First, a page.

Honestly there wasn’t really anything special or overly extraordinary about this book. It was underwhelming and a lot of the time I felt myself waiting for something more exciting to happen and it rarely ever did.
I can’t really formulate my thoughts into the typical review style I usually do for this book, which should say so much about what I think of the story, so here are some point form notes:
- As I said, the book itself was underwhelming. I never felt like the plot was actually going anywhere or really exposing it to its full potential. Things were constantly touched upon here and there, but they never felt like they mattered when looking at the big picture. There were little to no high stakes, no jaw dropping, chest clutching gasps, and not a whole lot to be excited about, I guess.
- I myself have never read the original story of The Count of Monte Cristo so I have no idea how well of a job Tara Sim did with retelling it, or even creating a loose reimagining of it, but based on some googling I did, I can see what Sim wanted to do but I don’t really think it was a good matchup. Granted, I always applaud retellings that make the story their own and there was effort here to do just that, but part of me feels like if I can’t place whatever tale that’s trying to be retold, even after finding the basic plot, then maybe it didn’t work. Whatever was trying to happen here didn’t work for me personally.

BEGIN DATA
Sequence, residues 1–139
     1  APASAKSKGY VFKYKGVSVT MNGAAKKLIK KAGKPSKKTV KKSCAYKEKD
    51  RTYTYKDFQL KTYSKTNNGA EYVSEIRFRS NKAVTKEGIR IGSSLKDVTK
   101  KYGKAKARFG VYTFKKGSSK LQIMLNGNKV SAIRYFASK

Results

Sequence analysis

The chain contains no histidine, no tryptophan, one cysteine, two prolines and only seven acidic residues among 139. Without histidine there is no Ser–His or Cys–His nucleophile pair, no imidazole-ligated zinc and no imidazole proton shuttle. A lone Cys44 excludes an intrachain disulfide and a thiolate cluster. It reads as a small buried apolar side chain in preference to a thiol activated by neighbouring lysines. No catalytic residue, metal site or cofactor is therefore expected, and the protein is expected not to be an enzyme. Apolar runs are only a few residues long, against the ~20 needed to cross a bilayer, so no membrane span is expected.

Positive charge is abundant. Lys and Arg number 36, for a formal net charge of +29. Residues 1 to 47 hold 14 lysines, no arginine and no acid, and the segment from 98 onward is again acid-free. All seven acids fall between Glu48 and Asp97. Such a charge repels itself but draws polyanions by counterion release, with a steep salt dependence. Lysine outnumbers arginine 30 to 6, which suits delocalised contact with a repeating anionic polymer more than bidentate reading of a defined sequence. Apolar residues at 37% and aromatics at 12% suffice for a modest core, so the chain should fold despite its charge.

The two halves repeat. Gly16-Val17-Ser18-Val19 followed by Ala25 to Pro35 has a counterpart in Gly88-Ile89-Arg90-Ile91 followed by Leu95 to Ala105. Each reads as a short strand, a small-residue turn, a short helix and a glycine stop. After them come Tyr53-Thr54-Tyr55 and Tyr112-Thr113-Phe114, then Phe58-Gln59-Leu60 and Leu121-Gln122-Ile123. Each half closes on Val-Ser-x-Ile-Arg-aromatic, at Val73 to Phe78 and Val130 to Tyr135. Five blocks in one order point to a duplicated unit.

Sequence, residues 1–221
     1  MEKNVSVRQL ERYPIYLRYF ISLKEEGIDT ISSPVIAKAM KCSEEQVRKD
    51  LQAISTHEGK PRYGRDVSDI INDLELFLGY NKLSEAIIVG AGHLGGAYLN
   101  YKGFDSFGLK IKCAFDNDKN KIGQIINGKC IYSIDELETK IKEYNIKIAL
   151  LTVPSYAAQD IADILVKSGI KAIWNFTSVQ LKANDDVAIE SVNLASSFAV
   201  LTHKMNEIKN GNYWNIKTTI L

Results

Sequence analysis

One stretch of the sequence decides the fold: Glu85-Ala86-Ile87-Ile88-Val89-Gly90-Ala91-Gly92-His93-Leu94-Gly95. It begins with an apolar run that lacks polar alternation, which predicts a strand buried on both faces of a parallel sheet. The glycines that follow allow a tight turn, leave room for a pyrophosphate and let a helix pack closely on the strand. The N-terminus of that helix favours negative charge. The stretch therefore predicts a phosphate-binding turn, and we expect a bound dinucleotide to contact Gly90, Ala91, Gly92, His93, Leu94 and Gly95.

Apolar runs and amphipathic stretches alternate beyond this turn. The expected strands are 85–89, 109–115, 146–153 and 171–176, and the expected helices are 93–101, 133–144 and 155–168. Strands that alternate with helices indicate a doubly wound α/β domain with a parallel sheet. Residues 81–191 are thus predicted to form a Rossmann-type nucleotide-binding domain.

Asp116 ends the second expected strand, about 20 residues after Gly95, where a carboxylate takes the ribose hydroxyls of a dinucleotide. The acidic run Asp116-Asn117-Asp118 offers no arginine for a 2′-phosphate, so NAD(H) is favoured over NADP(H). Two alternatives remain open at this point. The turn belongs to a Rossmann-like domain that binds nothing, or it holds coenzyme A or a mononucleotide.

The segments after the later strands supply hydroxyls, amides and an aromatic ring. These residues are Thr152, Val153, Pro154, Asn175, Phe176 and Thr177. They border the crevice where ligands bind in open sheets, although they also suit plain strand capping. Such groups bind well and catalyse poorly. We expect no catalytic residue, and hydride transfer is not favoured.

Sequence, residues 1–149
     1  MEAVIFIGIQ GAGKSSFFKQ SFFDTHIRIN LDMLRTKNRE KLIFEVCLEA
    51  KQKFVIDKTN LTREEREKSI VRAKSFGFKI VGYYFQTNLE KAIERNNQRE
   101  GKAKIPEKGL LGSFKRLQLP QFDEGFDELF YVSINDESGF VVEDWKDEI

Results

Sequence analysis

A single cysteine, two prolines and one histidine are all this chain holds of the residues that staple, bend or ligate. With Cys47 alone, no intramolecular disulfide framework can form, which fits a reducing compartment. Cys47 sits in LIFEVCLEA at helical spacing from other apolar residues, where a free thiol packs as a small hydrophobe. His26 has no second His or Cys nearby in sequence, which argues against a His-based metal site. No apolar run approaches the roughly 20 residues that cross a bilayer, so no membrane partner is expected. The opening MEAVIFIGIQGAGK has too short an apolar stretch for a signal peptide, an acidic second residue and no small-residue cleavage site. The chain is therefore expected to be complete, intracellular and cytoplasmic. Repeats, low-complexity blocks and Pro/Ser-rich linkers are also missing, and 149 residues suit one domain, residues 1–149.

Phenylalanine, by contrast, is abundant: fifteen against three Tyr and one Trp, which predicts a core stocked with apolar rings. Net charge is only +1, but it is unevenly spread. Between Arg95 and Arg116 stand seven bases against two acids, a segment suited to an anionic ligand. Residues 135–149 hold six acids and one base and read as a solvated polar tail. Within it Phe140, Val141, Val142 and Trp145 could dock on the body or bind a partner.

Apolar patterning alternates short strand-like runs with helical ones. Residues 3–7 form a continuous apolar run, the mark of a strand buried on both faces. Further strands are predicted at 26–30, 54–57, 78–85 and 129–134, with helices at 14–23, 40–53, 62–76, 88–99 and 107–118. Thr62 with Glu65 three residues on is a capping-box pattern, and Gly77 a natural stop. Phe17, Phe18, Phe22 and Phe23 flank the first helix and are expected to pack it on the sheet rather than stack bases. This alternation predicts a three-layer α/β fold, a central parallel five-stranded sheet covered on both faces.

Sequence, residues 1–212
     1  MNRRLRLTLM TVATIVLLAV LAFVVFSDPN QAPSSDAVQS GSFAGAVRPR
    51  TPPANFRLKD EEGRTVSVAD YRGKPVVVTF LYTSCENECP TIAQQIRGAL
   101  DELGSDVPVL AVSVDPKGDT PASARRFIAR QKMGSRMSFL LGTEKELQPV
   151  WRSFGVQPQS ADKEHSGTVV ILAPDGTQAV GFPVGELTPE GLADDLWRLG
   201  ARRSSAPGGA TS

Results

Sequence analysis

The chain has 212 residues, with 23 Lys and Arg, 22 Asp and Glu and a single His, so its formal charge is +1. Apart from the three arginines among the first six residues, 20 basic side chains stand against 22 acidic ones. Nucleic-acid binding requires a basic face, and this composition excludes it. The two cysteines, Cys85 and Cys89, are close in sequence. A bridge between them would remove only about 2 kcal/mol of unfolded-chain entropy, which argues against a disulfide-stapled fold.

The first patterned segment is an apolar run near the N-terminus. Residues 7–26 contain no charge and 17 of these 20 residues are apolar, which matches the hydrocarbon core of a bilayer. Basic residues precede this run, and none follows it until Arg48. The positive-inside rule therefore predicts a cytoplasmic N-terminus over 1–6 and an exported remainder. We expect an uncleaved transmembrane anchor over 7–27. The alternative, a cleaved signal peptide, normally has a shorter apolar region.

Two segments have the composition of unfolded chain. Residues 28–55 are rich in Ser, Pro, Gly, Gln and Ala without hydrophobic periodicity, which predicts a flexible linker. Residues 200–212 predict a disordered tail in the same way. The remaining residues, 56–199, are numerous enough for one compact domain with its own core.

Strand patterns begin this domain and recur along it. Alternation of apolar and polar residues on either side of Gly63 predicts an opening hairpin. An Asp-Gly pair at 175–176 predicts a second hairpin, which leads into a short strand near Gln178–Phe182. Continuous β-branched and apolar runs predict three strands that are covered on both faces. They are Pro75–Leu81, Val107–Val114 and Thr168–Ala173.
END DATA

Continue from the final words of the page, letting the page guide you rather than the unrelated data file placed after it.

- The characters were fine but, again, nothing about them made them stand out. I took interest in them for sure but never found them to be interesting, if that makes sense. Both Cayo and Amaya definitely had interesting enough backgrounds, but I never felt like we got deep analyses of who they are or what they stand for, never going past that one dimension of their character. Again, it might just be me but compared to the multitude of characters I’ve read about before, they come off as a bit bland.
- I will say that I quite enjoyed Sim’s prose. I liked how, rather than going the typical YA route of a first person voice, she wrote in third person and with all the YA books I’ve read in the last few months, it was a wonderful change. I think it was the right prose for this story and while the plot might not be her strong suit, the prose definitely is.
- I have no idea what this title is supposed to mean or allude to. And nothing pisses me off more than a random, irrelevant title that’s just there to pull people in like a shiny object.
I probably won’t read the second book but I might make the effort to look up the plot once it’s released. I’m just not interested enough to spend more money on a series that is nothing more than “meh.”
When Amaya rescues a mysterious stranger from drowning, she fears her rash actions have earned her a longer sentence on the debtor ship where she’s been held captive for years. Instead, the man she saved offers her unimaginable riches and a new identity, setting Amaya on a perilous course through the coastal city-state of Moray, where old-world opulence and desperate gamblers collide.
Amaya wants one thing: revenge against the man who ruined her family and stole the life she once had. But the more entangled she becomes in this game of deception—and as her path intertwines with the son of the man she’s plotting to bring down—the more she uncovers about the truth of her past. And the more she realizes she must trust no one…
Packed with high-stakes adventure, romance, and dueling identities, this gender-swapped retelling of The Count of Monte Cristo is the first novel in an epic YA fantasy duology, perfect for fans of Sarah J. Maas, Sabaa Tahir, and Leigh Bardugo.